Edited By: Edward A Page and Michael Redclift
288 pages, Tabs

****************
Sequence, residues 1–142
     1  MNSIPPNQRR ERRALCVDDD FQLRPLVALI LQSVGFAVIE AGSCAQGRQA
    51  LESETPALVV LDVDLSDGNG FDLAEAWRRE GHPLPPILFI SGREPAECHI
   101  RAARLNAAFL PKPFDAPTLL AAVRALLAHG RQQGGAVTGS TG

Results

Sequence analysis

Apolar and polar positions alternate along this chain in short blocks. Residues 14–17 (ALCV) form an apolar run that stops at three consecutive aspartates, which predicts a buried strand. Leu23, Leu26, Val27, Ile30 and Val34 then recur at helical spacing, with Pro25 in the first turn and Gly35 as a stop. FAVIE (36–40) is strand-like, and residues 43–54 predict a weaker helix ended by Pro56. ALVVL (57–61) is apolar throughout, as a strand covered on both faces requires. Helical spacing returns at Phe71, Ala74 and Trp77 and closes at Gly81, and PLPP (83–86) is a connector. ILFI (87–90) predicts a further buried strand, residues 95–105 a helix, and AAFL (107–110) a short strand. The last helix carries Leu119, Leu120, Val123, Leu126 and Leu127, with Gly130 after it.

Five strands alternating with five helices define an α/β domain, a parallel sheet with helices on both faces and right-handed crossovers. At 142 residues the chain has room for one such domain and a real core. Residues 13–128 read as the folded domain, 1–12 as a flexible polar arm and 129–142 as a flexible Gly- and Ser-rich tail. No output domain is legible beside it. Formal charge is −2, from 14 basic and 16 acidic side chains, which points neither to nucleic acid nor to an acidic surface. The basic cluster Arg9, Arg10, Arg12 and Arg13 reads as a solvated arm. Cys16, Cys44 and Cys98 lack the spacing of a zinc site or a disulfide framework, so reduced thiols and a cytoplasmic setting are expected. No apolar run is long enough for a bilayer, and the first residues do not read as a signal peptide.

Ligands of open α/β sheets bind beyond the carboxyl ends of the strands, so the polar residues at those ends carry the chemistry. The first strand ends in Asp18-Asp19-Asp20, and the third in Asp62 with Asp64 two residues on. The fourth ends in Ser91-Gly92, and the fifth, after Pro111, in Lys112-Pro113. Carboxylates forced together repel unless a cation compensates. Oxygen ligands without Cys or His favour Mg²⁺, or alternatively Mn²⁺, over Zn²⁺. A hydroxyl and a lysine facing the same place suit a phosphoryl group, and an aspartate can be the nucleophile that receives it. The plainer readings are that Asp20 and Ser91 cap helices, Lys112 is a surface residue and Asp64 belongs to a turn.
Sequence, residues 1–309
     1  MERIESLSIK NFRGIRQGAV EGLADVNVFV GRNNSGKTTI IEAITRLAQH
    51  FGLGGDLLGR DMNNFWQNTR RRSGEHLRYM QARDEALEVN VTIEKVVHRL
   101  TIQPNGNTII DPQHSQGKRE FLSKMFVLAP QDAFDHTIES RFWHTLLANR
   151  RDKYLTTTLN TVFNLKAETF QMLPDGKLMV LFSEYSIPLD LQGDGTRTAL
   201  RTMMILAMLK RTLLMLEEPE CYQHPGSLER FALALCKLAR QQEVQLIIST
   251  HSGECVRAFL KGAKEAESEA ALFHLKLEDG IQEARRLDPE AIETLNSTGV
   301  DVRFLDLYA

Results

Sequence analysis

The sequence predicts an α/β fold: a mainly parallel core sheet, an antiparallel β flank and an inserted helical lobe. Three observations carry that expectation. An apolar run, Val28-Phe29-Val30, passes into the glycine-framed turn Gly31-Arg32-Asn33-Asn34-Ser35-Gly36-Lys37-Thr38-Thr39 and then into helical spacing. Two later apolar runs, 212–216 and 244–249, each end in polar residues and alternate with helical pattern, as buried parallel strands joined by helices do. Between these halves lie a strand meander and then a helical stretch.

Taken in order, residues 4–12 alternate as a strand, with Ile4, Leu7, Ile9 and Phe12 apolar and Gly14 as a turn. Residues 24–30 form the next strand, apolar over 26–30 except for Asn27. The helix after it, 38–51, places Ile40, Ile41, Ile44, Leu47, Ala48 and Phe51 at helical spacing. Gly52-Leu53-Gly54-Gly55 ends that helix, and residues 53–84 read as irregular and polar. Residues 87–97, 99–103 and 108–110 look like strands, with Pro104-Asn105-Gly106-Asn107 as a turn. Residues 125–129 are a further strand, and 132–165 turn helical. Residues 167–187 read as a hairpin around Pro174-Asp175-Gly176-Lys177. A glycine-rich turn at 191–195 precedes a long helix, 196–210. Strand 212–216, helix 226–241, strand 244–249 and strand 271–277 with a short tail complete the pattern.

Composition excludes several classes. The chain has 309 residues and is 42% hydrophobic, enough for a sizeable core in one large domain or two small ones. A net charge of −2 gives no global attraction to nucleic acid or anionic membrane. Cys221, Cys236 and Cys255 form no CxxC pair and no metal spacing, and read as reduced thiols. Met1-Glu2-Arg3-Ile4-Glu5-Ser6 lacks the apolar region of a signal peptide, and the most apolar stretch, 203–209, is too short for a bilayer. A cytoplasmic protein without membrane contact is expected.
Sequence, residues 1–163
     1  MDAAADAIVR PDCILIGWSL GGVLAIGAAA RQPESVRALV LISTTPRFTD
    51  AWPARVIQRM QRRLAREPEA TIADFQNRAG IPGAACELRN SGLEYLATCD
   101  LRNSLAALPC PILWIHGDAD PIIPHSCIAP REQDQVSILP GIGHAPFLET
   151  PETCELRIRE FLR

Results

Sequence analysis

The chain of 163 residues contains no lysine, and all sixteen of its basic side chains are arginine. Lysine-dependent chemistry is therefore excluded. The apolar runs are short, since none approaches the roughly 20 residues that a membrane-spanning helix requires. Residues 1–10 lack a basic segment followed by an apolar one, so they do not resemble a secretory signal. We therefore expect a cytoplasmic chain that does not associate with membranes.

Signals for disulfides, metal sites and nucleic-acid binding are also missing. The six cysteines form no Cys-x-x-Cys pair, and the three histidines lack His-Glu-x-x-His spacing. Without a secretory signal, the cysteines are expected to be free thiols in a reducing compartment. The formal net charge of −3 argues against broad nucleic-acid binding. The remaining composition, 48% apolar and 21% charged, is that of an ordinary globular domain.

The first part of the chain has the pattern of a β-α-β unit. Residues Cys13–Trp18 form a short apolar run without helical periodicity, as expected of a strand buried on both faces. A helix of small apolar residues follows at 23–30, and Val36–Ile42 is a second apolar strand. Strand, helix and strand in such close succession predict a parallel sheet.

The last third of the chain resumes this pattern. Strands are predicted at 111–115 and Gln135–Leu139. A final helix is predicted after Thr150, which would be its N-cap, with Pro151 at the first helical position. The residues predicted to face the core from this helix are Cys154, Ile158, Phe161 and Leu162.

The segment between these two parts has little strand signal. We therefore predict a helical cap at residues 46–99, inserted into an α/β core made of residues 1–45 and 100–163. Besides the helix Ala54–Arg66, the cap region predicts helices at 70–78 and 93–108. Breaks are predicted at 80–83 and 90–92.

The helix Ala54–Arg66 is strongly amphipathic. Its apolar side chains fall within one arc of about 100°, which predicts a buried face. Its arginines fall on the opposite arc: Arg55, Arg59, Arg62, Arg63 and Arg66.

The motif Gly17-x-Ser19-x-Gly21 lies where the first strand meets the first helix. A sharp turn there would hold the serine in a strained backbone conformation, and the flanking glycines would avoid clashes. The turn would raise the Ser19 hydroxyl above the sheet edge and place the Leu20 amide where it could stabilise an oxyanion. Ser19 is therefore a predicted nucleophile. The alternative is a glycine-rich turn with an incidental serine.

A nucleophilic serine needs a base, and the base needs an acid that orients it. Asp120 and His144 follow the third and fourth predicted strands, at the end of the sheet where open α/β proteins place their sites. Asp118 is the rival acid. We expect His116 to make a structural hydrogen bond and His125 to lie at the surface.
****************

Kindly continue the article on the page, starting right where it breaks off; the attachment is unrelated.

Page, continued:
In the post-Cold War era the pre-eminent threats to our security derive from human degredation of vital ecosystems as well as the possibility of war and terrorism. This title examines this "security-environment" paradigm and the way in which the activities of societies are shifting the balance with nature. The authors investigate this redefinition of security with particular reference to environmental threats such as climate change and the availability of adequate supplies of food and water. They illustrate how unfettered economic growth, rising levels of personal consumption and unsustainable natural resources and energy procurement are taking a heavy toll on the global environment. This, in turn, is forcing both developed and developing countries to re-evaluate the more immediate environmental security of their own populations. For a truly global perspective, the authors present a series of country case studies, looking at issues of security and environment, and comparing how they influence policy and human well-being.
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